Dance

Courtesy of Pittsburgh Cultural Trust

This fall will be a good time to be an arts patron in Pittsburgh. 

Courtesy of Bill Shannon

Maybe you know how Bill Shannon feels: addicted to your newsfeed, feeling constantly pressured to keep up, all day long.

“You wake up in the morning and you check your Twitter feed and then you look at your Facebook and your Instagram, and you're literally like feeling crushed, you know,” he said.

Photo courtesy of Mark Simpson Photography

Over its 24 years, adventuresome dance troupe Attack Theatre has staged productions in some unusual places: outdoor plazas, old industrial spaces, a gallery at the Carnegie Museum of Art. But its latest venue is probably a first: a former Office Depot at The Waterfront shopping complex in Homestead.

Dr. Robert Kromos / Attack Theatre

Jimmy Cvetic’s poetry is rough, dark and punchy.

Mark Nootbaar / 90.5 WESA

Deb Schmersal glides around the floor, holding hands with her partner, Jeffrey, as they dance. Their moves aren’t perfect, but that’s not the point at Yes, You Can Dance!

The organization, founded in 2011, uses dance to promote wellness for people with special needs, chronic degenerative diseases and disabilities.

Over the past six years, it has grown and blossomed with the help of some dedicated volunteers, including Schmersal.

Pittsburgh Ballet Theatre

Ballet is often praised for its precision, strong dancers and hypnotic music. But one thing that’s often overlooked is the costume department.

“Well, when you’re dancing, you have a certain structure about your dancing,” said Pittsburgh Ballet Theatre principal dancer Amanda Cochrane. “But when you put on those costumes, it really helps to bring out the artistry in your dancing. It makes you – puts your into character.”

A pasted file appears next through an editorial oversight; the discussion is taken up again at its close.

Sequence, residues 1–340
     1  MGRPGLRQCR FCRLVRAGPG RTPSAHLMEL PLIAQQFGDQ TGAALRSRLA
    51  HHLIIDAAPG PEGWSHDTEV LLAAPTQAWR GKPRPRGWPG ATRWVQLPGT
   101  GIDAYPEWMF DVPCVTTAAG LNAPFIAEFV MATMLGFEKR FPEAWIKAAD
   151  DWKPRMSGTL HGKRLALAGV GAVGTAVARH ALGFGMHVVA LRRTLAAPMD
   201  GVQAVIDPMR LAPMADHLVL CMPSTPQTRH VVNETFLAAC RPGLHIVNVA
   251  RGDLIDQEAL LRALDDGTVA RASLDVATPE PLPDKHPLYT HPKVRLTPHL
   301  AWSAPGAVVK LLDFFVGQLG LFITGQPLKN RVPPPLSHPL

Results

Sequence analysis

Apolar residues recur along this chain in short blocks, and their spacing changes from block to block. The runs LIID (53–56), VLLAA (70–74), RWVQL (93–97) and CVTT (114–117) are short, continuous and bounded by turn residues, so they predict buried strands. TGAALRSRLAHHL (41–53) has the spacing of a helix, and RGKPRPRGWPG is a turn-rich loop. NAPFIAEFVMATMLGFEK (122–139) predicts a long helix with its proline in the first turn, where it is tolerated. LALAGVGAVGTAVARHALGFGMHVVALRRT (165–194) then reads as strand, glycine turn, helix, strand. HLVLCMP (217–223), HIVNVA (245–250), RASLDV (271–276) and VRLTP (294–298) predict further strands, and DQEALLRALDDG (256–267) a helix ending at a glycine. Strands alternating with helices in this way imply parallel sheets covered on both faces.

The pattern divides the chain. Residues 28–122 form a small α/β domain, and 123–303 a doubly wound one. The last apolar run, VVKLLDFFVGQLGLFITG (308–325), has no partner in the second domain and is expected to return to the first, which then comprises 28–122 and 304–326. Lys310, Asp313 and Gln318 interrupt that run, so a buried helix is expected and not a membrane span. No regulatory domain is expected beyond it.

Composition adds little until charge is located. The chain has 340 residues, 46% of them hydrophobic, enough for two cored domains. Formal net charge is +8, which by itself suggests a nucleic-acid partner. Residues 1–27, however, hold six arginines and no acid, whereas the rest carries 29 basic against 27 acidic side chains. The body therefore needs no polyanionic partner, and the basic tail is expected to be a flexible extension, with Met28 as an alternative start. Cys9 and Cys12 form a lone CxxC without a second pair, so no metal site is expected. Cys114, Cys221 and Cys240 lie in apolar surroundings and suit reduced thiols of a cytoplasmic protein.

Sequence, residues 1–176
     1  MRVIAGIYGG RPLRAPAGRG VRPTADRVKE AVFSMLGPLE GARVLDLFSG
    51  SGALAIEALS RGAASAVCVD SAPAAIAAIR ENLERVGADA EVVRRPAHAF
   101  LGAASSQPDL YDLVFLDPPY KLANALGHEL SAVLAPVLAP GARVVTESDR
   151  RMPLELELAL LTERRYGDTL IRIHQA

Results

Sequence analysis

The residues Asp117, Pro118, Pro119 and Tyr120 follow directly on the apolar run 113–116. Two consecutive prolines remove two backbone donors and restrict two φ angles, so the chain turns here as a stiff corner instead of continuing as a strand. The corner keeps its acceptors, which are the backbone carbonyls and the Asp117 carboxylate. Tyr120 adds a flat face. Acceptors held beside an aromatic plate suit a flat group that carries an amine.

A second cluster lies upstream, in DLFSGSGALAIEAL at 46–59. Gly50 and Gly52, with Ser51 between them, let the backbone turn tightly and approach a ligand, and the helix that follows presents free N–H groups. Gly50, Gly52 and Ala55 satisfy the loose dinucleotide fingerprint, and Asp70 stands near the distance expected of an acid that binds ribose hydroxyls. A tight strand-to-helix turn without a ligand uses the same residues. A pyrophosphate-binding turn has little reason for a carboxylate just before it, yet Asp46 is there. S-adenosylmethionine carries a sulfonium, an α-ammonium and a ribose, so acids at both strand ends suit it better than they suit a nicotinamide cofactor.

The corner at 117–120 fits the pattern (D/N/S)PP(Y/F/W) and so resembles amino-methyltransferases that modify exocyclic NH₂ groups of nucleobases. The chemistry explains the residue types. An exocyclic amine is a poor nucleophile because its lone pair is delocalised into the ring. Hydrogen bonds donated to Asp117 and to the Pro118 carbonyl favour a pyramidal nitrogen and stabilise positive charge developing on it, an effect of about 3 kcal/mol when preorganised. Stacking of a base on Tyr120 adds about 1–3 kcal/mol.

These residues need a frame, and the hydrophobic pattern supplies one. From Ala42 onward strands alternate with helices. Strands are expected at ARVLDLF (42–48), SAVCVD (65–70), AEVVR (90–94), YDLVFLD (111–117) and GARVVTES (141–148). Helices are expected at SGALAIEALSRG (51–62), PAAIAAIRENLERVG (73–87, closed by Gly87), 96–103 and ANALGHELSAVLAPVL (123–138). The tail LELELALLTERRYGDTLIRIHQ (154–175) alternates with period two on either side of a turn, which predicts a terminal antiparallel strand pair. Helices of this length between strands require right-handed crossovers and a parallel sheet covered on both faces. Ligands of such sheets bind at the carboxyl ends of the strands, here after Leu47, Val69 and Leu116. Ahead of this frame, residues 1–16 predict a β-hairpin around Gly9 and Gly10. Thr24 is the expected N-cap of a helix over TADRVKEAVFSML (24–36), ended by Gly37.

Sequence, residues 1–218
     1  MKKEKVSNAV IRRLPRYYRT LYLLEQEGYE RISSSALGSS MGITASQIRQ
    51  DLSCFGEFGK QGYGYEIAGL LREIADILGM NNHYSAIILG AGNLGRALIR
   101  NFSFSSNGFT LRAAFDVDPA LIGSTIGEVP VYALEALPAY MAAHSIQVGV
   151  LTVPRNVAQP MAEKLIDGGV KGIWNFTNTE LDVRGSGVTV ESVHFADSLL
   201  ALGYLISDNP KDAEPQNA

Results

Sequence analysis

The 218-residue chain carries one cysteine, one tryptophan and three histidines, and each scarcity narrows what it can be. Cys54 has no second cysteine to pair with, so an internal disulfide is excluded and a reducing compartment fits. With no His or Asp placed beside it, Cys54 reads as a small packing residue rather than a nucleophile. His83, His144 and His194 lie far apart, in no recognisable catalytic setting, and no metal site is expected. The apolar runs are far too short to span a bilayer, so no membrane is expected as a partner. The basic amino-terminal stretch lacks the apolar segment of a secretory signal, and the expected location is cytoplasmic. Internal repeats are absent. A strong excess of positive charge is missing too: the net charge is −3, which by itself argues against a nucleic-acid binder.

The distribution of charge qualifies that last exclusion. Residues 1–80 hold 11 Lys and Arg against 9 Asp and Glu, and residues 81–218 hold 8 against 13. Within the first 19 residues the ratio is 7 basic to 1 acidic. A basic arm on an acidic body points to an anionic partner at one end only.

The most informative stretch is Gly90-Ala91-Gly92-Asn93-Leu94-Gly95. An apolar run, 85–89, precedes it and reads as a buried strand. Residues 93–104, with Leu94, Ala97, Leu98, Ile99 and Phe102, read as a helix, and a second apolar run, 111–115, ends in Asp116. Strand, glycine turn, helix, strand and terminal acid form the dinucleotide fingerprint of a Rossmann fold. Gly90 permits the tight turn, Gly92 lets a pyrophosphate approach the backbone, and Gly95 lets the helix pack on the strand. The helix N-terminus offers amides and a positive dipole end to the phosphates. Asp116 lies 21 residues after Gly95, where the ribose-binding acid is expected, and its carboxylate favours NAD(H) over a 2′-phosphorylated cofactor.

Those costumes help bring the Pittsburgh Ballet Theatre’s productions to life.

Hannah Altman

Since she was two, Alexandra Bodnarchuk wanted to dance.  

Sarah Kovash / 90.5 WESA

One visiting "Cabaret" performer spent Thursday prepping not for the night's performance but teaching local theater students the finer steps to a dance career.

Musical theater and drama students at CAPA, Pittsburgh’s creative and performing arts magnet school, spent the afternoon learning some of the show’s choreography from Aisling Halpin, who plays “Frenchie” in the production.

Matt Dayak

Kelly Beall and Matthew Buccholz love a good dance party, but they’re not interested in staying up late just to shake a tail feather.

The solution: the monthly In Bed By Ten dance party at Spirit Lodge in Lawrenceville.

“We have a lot of friends who don’t want to wait until 11 p.m. to start the evening, so we came up with this idea that guarantees you’ll be home and most likely in bed by 10,” Beall said. “We even give you a Netflix recommendation for when you get there.”

As the Pittsburgh Ballet Theatre announced Thursday it would be entering the public phase of a $20 million school expansion project as it prepares to end its 45th season.

So far, PBT has raised $13.6 million in an effort to expand its campus in the Strip District and Lawrenceville, grow its $8 million endowment by 50 percent and establish an innovation fund to keep programs and performances going.

Dance Africa, Promoting Cultural Heritage through Dance

Apr 25, 2014
Legacy Arts Project / Facebook

Thirty-seven years ago choreographer Dr. Charles Davis founded Dance Africa in New York City. The festival of dance, based in African cultures has since become the largest celebration of African Dance in the country.

The festival is in Pittsburgh at the August Wilson Center for its third year, in collaboration with the Legacy Arts Project, where Pittsburgh residents can learn the artistic traditions of the African Diaspora.